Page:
Why T-Mobile Should Choose Windows Phone for MLB and Why Microsoft Should Actively Pursue It.
In case you haven't heard, Major League Baseball and T-Mobile announced a partnership last week.
In short, landline bullpen phones are being replaced by cell phones (I wonder if they'll hear the patented T-Mobile ring tone in the pen). I think T-Mobile should choose Windows Phone for those devices and here's why.
WHAT T-MOBILE & MLB HAVE TO GAIN
First, as can be seen in the image above, Windows Phones already come in an array of colors that coordinate pretty well with a lot of the Major League team colors (mostly blue and red), and could be easily adapted to include MLB and T-Mobile branding.
With the snap-off covers on the Lumia 810, Nokia could easily make a line of custom MLB-licensed back plates which could be sold exclusively through the MLB and T-Mobile websites. Profit for MLB, the Teams, T-Mobile, Nokia and Microsoft. Plus fans would love it. That's a whole lot of "win".
As to other reasons why T-Mobile and MLB should choose Windows Phone, one needs to look to the future. Cell phones to call in relievers should be just the beginning of technology in the dugout. Imagine an app that not only can call the bullpen, but can keep track of the current pitcher's pitch count, show how the relievers in the pen stack up against the upcoming batters, etc.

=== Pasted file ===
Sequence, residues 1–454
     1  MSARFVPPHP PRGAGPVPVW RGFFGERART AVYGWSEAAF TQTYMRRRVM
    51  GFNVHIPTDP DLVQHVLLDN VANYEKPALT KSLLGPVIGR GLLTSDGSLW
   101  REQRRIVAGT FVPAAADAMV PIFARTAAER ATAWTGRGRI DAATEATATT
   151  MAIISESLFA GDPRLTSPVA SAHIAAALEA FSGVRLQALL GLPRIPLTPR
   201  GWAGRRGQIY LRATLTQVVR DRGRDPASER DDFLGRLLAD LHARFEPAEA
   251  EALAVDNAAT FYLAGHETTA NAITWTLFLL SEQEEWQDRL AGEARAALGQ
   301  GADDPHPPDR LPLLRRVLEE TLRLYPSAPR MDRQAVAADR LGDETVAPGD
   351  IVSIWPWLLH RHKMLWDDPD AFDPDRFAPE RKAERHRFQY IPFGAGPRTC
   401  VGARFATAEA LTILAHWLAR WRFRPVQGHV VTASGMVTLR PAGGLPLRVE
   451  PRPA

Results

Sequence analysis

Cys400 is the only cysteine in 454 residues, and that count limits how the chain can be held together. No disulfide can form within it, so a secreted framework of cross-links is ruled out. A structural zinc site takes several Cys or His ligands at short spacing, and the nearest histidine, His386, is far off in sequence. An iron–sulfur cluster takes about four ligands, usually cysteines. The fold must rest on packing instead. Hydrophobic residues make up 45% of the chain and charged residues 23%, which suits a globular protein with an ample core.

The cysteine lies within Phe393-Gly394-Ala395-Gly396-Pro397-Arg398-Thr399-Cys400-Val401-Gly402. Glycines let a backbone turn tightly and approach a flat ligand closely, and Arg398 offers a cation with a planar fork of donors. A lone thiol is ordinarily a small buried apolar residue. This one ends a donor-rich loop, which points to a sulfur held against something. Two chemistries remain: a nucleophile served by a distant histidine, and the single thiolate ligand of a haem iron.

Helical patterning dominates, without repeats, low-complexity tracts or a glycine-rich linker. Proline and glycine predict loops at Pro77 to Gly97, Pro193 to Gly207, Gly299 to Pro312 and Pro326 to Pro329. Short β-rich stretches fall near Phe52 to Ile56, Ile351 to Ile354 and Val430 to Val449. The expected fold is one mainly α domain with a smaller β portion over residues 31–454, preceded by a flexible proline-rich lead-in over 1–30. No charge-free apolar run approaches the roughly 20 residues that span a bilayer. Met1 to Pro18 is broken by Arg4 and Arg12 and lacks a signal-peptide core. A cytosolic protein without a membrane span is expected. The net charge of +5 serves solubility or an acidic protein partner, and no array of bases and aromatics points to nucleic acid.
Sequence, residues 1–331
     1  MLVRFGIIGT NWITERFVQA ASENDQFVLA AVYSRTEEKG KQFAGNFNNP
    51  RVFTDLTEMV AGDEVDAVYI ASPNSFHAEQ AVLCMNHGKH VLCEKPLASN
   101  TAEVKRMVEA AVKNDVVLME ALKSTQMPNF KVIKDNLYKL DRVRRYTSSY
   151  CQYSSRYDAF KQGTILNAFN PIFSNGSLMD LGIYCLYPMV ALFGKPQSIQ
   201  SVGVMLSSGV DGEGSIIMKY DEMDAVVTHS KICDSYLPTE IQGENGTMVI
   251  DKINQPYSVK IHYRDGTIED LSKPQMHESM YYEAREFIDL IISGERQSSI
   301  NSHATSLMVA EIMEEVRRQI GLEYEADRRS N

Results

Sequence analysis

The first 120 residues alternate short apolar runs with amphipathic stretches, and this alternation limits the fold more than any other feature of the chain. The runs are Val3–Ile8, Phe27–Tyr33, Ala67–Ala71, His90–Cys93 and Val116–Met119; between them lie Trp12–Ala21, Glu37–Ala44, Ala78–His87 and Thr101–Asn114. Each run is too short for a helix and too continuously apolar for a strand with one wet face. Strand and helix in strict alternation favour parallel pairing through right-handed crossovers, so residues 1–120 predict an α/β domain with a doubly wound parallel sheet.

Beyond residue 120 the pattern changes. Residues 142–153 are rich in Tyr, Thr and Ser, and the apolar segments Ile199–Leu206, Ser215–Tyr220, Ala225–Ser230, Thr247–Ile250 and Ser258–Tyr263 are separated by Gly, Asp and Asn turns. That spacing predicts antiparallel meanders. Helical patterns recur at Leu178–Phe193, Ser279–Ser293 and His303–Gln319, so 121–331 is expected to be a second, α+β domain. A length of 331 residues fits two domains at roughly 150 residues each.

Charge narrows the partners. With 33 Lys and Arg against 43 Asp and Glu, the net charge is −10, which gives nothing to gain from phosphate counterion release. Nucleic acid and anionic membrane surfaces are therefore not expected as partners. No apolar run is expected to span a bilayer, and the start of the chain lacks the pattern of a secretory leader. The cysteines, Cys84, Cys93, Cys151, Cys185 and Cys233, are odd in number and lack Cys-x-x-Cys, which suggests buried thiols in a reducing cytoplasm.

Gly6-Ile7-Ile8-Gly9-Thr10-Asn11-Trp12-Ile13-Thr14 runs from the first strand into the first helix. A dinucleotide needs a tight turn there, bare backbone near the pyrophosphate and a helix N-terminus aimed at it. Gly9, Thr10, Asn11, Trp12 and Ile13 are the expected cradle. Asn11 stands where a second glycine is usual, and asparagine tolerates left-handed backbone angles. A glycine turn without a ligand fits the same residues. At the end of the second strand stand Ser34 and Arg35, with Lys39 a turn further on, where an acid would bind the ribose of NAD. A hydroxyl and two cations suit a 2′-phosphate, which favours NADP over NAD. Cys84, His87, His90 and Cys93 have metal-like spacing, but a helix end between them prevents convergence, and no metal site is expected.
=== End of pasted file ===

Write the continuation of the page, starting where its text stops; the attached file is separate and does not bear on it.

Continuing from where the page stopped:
Windows Phone's Panorama paradigm would lend itself to this usage very well.
Major League Baseball could also usher in a new era of interactivity by linking in-game data provided by these apps to enhance their At Bat applications and using software like Smartglass for second-screen information to accompany television broadcasts. Making fans happy and possibly attracting new ones to the game.
MICROSOFT NEEDS TO JUMP ON THIS
In the regular season there are 30 teams playing 162 games a piece. That's a total of 2,430 games broadcast on TV. I don't know how big a baseball fan you are, but if you're a regular TV viewer, you know they show the manager or pitching coach almost every time they pick up the bullpen phone. Add in the post season and All Star game and that's a potential 2,471 chances for millions of people to see Windows Phone in action . And that's if there's only pitching change. The way some coaches work, I hope they have unlimited minutes. Any we all know every broadcaster is going to make a big deal out of the change from landline to cellular (at least the first few times). That's a lot of potential exposure that Microsoft should want.
THAT'S A POTENTIAL 2,471 CHANCES FOR MILLIONS OF PEOPLE TO SEE WINDOWS PHONE IN ACTION
Microsoft needs to throw resources in the form of both advertising dollars at T-Mobile to "encourage" them to use Windows Phone" and programmers to make the interactions for all manner of related applications to broaden the reach and appeal of the game.
This could be a golden opportunity for Microsoft to get in to a relationship with MLB on the ground floor and shape the future of sports broadcasting while getting a good deal of much-needed exposure for Windows Phone.